The 20th Anniversary of Artificial Disc Replacement at Texas Back Institute: What This Means for the Future

By the rediscover Patient Education Team


Recently, the Texas Back Institute (TBI) celebrated a major milestone: 20 years of having been involved with total disc replacements. 2000 marked the first year of their journey with disc replacements, and since then they’ve helped more than 3,500 patients with these devices.

The three disc replacement pioneers at TBI include Drs. Scott Blumenthal, Richard Guyer, and Jack Zigler. Each surgeon brings a different perspective on this treatment alternative. Dr. Guyer stated, “An artificial disc is very much like a hip or knee prosthesis which is made out of metal and plastic—we surgically remove the diseased or injured disc and put this artificial disc in its place. This allows the patient to avoid having a fusion of two discs and they can return to normal movement.”

“Discs are spacers between the bones, which are the building blocks of our spine,” Dr. Zigler added. “Sometimes our natural disc will wear out, which can cause a pinched nerve or reduce its ability to absorb shock. An artificial disc allows us to replace a damaged disc with one that will not stiffen up the spine, which occurs with the fusion process.”

“One of the advantages of a disc replacement rather than a fusion procedure is that we can preserve motion in the neck or lower back of the patient,” Guyer said. “This is a huge benefit to the patient. Additionally, we know that fusions will often cause degeneration in the next vertebra level up, but we now have 10 years of research that suggests that the chances of this occurring in a replacement is about one-third or one-quarter the chance of a fusion procedure.”

Dr. Blumenthal commented on the ideal patient, “The ideal patient for the cervical disc replacement is someone who has already been told they need a fusion. Over time, our natural discs can become ruptured or bulged and touch a nerve which can lead to severe neck and/or arm pain. If a patient’s pain does not respond to conservative treatment, disc replacement is considered.”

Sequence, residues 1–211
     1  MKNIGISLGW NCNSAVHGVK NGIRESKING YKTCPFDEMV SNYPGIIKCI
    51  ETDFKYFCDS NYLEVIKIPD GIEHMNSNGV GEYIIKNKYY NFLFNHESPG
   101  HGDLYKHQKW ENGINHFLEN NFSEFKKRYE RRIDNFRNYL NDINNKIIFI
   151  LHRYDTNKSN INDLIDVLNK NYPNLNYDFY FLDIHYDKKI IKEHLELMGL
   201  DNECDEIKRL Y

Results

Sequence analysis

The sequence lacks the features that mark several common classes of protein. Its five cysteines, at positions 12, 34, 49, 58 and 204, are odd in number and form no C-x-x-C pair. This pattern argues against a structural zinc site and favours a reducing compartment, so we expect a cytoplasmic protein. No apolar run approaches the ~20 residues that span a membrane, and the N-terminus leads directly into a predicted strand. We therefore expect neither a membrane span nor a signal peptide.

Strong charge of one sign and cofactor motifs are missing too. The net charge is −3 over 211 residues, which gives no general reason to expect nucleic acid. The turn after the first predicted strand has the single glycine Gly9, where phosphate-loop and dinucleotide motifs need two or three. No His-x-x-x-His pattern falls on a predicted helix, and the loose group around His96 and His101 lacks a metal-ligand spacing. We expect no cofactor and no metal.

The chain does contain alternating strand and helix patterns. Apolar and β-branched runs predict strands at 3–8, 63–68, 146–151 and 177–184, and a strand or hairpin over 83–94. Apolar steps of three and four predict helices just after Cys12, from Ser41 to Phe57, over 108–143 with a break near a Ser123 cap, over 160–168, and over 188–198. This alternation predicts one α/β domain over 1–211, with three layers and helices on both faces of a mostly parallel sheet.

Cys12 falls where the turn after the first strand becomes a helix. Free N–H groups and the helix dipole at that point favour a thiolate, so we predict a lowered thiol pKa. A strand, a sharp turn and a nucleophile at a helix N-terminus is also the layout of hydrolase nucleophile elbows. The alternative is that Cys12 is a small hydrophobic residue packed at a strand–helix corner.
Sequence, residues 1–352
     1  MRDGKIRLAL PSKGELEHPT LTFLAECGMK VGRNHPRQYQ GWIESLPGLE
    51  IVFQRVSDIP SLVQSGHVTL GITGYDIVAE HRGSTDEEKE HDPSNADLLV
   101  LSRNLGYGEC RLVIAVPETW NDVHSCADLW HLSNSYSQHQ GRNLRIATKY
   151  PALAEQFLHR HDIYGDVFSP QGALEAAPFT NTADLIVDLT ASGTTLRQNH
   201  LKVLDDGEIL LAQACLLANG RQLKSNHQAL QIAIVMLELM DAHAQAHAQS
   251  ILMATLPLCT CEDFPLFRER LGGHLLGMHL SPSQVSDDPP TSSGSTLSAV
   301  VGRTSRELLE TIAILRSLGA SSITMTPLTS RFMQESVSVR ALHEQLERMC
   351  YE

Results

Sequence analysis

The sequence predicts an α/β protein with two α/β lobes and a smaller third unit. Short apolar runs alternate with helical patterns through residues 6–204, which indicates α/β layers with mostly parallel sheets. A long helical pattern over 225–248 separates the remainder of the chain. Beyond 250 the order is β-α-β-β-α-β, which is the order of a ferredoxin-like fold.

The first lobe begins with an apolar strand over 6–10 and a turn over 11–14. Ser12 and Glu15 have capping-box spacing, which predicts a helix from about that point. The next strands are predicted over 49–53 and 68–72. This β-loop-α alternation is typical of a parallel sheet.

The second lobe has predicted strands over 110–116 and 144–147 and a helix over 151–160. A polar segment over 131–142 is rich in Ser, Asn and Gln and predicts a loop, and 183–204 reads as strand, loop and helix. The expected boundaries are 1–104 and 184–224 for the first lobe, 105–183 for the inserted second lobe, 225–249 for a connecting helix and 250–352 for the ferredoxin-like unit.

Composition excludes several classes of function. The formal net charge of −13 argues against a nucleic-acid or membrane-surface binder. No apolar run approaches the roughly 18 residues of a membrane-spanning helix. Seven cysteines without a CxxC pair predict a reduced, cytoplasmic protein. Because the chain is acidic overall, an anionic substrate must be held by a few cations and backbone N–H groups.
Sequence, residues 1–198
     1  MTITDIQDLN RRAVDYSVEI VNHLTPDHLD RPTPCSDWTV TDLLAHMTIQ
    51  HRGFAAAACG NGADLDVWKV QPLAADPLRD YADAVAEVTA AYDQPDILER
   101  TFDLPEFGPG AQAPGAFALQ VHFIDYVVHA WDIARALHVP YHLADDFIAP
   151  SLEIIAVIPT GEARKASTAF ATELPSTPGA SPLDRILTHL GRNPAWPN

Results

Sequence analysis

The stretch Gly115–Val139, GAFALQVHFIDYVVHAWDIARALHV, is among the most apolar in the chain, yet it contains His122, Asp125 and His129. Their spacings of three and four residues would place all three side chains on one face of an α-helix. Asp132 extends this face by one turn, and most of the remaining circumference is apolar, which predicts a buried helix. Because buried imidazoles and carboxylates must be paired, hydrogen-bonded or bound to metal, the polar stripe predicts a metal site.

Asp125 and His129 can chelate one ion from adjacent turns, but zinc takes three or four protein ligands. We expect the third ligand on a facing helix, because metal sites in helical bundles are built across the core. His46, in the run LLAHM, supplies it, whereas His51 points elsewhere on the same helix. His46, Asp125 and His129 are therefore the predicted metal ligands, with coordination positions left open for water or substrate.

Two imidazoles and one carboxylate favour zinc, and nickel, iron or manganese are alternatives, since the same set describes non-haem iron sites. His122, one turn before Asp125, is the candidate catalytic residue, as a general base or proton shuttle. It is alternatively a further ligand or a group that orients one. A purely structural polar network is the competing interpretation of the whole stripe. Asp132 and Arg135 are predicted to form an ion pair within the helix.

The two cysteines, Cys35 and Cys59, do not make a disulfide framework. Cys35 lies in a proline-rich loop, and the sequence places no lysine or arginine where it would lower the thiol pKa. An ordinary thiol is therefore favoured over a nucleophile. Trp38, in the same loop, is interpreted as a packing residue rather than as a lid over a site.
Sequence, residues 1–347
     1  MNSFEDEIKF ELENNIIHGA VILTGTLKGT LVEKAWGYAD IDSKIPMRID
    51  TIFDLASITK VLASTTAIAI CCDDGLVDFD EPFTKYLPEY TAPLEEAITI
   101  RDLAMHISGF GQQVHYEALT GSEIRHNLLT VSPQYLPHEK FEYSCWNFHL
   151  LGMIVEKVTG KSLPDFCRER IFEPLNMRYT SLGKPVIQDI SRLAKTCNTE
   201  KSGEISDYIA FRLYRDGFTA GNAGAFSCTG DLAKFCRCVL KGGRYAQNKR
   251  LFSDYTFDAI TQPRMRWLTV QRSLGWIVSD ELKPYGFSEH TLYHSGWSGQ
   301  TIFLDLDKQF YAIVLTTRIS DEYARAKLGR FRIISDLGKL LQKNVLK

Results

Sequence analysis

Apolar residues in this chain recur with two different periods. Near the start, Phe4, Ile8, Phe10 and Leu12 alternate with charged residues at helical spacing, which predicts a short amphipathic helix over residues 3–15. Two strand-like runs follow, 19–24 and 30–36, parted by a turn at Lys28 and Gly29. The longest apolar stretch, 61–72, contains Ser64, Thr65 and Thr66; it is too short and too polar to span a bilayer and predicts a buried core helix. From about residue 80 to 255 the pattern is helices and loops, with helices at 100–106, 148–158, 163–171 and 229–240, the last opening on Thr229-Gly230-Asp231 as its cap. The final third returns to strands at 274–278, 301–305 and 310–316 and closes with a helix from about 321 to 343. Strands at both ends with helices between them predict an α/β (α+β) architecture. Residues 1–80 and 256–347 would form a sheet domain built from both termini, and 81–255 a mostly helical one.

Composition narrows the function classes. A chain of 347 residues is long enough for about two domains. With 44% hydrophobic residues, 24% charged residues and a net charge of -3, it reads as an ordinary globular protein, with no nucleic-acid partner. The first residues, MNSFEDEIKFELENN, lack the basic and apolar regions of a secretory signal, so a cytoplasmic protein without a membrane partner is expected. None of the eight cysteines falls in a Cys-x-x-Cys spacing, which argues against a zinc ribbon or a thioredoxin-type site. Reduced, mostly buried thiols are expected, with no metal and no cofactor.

The surgeons at TBI have participated in 14 FDA trials, including all of the prodisc FDA studies. They have authored many of the studies that have been published to better understand the clinical benefits to patients for these newer device alternatives to fusion. In addition to medical device funded studies, TBI has funded their own research for lumbar disc replacement.

Guyer concluded: “I am particularly proud of the work we three have done. We started 20 years ago on this journey, and this means we’ve been around the block a time or two. We’ve all had patients who have come back to us after having disc replacement and said ‘Doc, you’ve changed my life.’ This is the type of feedback that keeps us going. This is why we have committed decades of our career to this specialty!”


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Important Note: The patient information presented is for general education purposes only. As with any spine surgery, there are potential benefits, complications, and risks associated with disc replacement and spinal fusion procedures. Individual results may vary. It is important that you discuss the possible risks and potential benefits of various procedures with your doctor prior to receiving treatment, and that you rely on your physician’s best judgment. Only your doctor can determine whether you are a suitable candidate for a specific surgical procedure.

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